I understood all of that perfectly well (I think i’ve actually heard stronger New Zealand accents than that and understood them perfectly well too). Of course there was a couple of words or phrases in there that are not commonly used in the U.K i.e ‘sheila’ (woman), ‘chook’ (chicken), ‘g’day’ (good day) – but so what? It’s obvious what they mean by the context and Americans use far more words not typically used in the U.K (don’t know about New Zealand) than that, e.g shopping ‘mall’ – what’s a shopping ‘mall’? Of course we know what one is because of the context it’s usually used in and we’ve become familiar with it through tv, films, (in some cases) visiting the place etc – but that word is not used in most English speaking places outside America.

      They’ve also come out with over the years, phrases and sayings like ‘cool’ to mean ‘good’ (which we’re all familiar with now, but this wasn’t the original English use for the word), ‘groovy’, ‘rad’ or ‘radical’, ‘bitchin’, ‘hot’ to mean the same thing, and ‘dude’ to mean ‘man’ (I think), we can often tell by the context of the sentence or the tone it’s said in what they mean, but these at the time they were started weren’t words or phrases typically used in those contexts in other places or parts of the world where English was spoken (that’s if the ‘linguists’ recognise any of those other, non Californian, places as speaking ‘English’, lol.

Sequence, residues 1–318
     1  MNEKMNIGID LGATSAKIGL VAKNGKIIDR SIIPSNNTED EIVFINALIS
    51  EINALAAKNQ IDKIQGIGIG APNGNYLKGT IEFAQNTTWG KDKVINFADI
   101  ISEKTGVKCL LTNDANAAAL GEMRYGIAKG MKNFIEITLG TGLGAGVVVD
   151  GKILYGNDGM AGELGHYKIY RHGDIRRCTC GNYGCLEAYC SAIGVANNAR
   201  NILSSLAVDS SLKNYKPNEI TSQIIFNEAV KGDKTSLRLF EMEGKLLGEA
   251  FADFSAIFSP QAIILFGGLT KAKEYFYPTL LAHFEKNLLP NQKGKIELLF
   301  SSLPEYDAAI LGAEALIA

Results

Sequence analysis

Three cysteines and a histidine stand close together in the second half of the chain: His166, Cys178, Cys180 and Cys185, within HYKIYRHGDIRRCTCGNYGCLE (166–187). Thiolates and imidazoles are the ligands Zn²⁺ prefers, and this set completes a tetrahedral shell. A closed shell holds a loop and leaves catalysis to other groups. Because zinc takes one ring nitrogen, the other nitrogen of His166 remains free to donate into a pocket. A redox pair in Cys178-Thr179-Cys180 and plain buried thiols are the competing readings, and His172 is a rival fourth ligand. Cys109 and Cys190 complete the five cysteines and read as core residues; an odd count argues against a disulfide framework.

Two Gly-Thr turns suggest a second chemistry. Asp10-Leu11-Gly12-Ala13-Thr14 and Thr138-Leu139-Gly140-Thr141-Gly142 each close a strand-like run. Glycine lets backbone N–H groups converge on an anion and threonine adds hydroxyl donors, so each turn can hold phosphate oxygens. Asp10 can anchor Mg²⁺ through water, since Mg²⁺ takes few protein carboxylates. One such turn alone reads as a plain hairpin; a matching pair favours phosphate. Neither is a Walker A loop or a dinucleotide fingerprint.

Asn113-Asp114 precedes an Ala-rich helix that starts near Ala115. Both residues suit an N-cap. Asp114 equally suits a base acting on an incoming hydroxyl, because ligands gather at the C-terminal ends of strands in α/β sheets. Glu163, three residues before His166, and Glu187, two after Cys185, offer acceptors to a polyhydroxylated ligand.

They also say things like ‘faucet’ for what in the U.K would be ‘tap’ (don’t know about everywhere else), ‘pants’ to mean ‘trousers’, ‘condo’ to mean ‘flat’, ‘diaper’ to mean ‘nappy’, ‘parking lot’ to mean ‘car park’, ‘soccer’ to mean ‘football’, ‘pacifier’ for ‘dummy tit’, ‘period’ to mean ‘end of’ or ‘full stop’, ‘gas’ or ‘gasoline’ to mean ‘petrol’, ‘garbage’ or ‘trash’ instead of ‘rubbish’, ‘trash can’ for ‘rubbish’ or ‘dust’ ‘bin’, ‘math’ instead of ‘maths’, ‘popsicle’ instead of ‘ice lolly’, ‘John’ or ‘restroom’ as alternative words/terms for ‘toilet’, ‘side walk’ for ‘pavement’, (in some parts) y’all for ‘you all’, ‘howdy’ for ‘hi’ or ‘hello’, ‘zip code’ for ‘post code’, ‘frosting’ for ‘icing’, ‘board walk’ to mean ‘pier’ and they spell words that would be spelled in the U.K ‘colour’, ‘color’, ‘catalogue’, ‘catalog’, ‘plough’, ‘plow’, ‘odour’, ‘odor’, ‘neighbour’, ‘neighbor’ ‘behaviour’, ‘behavior’, ‘labour’, ‘labor’ ‘foetus’, ‘fetus’, ‘moustache’, ‘mustache’, ‘mum’, ‘mom’, the list seems endless and the only reason any country or ‘English’ speaker not familiar with the use of those words or different spellings (and pronunciations) knows what they mean any more than they should know what people from Somerset or Edinburgh mean (unless they’ve been to Somerset or Edinburgh) with their slang or different words, terms or pronunciations, is because they bother to listen to them and familiarise themselves with them, and either, in some cases, acknowledge their big similarity to the *English* words, phrases, spellings etc they’re used to or expand their vocabulary (even if they don’t use the words themselves) to include them so they recognise these terms, spellings or pronunciations in future, the English language has always been evolving anyway and recognises various words that either have two or more different meanings or mean the same thing or sometimes have different pronunciations/spellings already.